ALBUQUERQUE, N.M. (KRQE) – Writer, traveler and filmmaker Neill McKee has been telling stories for most of his career. Now he’s set on sharing his family’s story, tracing his ancestry all the way back to the Mayflower.

McKee began researching his genealogy in 2013 and recently released his second travel memoir, Guns and Gods in My Genes: A 15,000-mile North American Search Through Four Centuries of History, to the Mayflower. Originally from Canada, McKee began tracing his family line through and with records from family members. He and his wife came to Albuquerque in 2015 because she has family in the state and they fell in love with the creative community. “The community here is just so open and friendly. There were many groups we could join and become part of the community,” McKee said.

McKee was primarily a documentary filmmaker and worked with organizations like UNICEF and what he called the Canadian version of the Peace Corps. After many years of doing that, he decided to go to graduate school and focus on technical writing and communication. He wrote about social issues and gender issues and has worked in places like Malaysia, Bangladesh, Kenya, Uganda, and Russia.

While he felt strongly about what he did, after 18 years of that kind of work he said he needed a change. He had many story ideas in his head but very little time to work on them when he was working full-time. Once he retired in 2012, he was ready to dig in and start writing for his own purposes.

(A canon at site of the Civil War’s Second Battle of Bull Run where McKee’s great grandfather, Lafayette Haskins, fought. Second photo Neill McKee beside tombstones of his great grandfather. Courtesy of Neill McKee)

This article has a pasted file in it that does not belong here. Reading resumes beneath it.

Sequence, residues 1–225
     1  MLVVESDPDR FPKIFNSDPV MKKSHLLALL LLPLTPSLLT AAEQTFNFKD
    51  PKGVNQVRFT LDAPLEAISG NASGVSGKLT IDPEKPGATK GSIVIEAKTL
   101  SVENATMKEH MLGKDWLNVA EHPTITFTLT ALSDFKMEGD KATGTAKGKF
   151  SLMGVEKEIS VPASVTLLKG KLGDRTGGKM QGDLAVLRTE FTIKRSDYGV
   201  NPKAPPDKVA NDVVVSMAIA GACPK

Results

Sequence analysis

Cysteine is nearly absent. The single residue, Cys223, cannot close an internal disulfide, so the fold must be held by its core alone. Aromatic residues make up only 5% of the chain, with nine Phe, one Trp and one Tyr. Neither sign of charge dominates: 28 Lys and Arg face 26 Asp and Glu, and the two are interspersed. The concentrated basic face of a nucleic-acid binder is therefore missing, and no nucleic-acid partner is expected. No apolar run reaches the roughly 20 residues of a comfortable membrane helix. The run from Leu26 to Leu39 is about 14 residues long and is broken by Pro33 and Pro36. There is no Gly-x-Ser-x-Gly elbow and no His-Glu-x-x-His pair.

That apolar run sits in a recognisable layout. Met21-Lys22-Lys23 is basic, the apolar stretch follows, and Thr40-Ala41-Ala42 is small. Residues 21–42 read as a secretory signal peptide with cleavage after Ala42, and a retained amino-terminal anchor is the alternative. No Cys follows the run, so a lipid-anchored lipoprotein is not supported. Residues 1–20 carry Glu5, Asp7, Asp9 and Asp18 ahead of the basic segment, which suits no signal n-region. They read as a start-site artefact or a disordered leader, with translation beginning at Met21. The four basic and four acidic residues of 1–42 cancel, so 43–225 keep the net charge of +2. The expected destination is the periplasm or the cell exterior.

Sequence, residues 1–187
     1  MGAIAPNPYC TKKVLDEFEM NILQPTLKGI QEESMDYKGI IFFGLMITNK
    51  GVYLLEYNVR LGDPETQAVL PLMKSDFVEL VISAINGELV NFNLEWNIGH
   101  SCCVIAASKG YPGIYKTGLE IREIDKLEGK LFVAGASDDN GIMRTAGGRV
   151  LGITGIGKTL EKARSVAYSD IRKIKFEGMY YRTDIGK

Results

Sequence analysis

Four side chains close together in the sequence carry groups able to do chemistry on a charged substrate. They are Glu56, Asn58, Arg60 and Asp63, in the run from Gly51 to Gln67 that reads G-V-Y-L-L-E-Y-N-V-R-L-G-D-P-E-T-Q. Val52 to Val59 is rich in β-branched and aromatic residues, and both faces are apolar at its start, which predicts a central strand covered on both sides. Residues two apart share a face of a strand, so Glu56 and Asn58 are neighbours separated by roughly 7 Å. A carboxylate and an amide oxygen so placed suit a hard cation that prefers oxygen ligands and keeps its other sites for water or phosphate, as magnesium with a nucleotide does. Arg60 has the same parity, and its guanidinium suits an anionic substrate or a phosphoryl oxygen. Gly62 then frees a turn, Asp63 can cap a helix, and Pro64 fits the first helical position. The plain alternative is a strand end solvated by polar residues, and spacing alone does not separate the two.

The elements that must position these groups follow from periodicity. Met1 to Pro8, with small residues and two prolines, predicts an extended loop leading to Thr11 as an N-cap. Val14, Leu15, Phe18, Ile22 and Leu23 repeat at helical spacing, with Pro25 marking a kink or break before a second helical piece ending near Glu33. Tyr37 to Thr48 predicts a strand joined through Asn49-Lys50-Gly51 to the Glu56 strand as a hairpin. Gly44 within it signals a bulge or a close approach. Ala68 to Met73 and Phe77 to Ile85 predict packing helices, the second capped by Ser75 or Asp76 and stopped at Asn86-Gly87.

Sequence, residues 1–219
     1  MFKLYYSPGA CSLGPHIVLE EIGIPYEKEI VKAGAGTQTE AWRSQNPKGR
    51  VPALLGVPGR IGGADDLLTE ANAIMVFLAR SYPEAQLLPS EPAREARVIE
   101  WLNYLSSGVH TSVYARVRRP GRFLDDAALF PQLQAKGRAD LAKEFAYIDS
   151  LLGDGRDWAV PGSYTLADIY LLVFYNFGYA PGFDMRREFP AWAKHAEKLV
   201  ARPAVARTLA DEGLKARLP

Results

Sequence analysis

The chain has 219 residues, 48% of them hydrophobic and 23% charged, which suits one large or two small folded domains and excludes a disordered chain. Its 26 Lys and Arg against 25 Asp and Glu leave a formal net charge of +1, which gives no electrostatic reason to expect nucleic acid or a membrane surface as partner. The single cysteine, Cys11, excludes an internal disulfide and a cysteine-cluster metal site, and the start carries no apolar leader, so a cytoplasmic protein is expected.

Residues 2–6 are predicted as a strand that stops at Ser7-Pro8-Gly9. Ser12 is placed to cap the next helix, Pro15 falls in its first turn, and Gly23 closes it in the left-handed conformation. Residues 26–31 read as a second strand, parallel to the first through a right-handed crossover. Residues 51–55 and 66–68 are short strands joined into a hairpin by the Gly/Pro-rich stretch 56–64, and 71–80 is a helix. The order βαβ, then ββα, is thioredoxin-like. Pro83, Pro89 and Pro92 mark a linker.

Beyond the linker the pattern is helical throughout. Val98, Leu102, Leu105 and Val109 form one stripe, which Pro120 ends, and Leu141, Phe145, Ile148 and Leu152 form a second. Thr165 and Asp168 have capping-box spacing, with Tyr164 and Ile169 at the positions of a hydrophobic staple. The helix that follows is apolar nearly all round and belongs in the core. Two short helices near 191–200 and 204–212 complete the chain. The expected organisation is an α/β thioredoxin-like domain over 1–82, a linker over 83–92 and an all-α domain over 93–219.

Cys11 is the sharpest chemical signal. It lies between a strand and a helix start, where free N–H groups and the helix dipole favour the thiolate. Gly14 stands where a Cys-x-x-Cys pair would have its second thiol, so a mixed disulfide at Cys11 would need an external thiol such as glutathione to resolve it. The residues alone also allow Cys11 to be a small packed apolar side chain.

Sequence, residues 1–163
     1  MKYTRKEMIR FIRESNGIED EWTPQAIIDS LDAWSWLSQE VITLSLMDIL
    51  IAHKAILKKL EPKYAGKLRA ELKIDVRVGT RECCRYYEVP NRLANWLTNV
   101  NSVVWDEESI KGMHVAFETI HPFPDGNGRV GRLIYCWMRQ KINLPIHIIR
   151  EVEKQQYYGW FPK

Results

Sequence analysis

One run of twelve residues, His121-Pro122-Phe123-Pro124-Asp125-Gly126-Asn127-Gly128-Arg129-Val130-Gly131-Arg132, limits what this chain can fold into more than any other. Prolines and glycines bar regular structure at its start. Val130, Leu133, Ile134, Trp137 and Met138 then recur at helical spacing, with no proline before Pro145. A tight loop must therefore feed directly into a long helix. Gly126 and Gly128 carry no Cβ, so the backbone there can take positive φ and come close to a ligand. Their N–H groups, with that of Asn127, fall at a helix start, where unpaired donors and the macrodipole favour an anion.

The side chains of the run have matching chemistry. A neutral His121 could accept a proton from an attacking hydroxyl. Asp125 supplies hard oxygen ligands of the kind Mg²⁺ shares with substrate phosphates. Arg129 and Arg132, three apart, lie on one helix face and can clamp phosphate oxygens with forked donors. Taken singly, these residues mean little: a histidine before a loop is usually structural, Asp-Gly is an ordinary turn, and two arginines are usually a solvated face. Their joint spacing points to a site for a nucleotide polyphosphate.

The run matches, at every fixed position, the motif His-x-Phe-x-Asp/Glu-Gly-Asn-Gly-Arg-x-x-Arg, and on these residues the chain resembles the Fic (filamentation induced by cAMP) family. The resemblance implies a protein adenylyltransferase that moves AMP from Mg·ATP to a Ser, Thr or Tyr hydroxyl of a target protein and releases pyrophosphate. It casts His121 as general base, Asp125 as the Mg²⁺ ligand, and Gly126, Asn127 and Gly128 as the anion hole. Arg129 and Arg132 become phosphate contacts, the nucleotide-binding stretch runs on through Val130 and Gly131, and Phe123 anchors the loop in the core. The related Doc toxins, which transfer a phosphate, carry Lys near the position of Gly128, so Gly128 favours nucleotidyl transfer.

McKee attended the University of New Mexico seminars for creative writing, and said he had to relearn everything he knew about writing. “If I had written Guns and Gods in the typical, chronological way, no one but family members would have read it,” McKee said. “It’s a completely different kind of writing and you have to take it from a totally different approach.”

McKee conducted travel research during the summers of 2017-2019, visiting Ontario, Canada and 22 American states. He tracked down the locations where his ancestors lived and visited museums and historical societies to uncover mistakes that other amateur genealogists had made on

McKee looks into both Canadian and American history, and throughout the book contemplates whether or not he will become an official US citizen. What started as a deep-dive into genealogy, has now set the author up as a way to share American history through his own personal history. He is currently working on his third and fourth memoirs about his childhood, and even has plans to look into the history and culture of the southwest in future projects.